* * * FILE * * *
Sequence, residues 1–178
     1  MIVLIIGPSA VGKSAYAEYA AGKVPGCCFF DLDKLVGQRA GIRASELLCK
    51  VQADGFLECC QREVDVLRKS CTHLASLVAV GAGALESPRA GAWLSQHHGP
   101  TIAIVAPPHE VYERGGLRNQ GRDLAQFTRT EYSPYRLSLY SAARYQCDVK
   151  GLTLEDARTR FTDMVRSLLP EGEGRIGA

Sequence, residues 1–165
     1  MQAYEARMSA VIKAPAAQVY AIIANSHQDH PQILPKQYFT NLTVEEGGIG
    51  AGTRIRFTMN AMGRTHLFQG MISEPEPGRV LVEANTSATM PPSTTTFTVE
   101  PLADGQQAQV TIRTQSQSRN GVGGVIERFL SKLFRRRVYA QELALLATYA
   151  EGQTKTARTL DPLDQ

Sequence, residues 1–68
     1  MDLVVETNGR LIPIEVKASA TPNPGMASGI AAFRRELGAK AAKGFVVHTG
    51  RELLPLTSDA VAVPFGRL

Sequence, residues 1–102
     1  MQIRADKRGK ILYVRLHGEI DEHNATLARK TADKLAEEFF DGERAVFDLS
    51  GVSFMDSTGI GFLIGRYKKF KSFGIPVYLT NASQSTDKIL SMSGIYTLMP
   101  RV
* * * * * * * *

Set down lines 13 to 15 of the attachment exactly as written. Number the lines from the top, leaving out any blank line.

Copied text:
    51  RELLPLTSDA VAVPFGRL

Sequence, residues 1–102
     1  MQIRADKRGK ILYVRLHGEI DEHNATLARK TADKLAEEFF DGERAVFDLS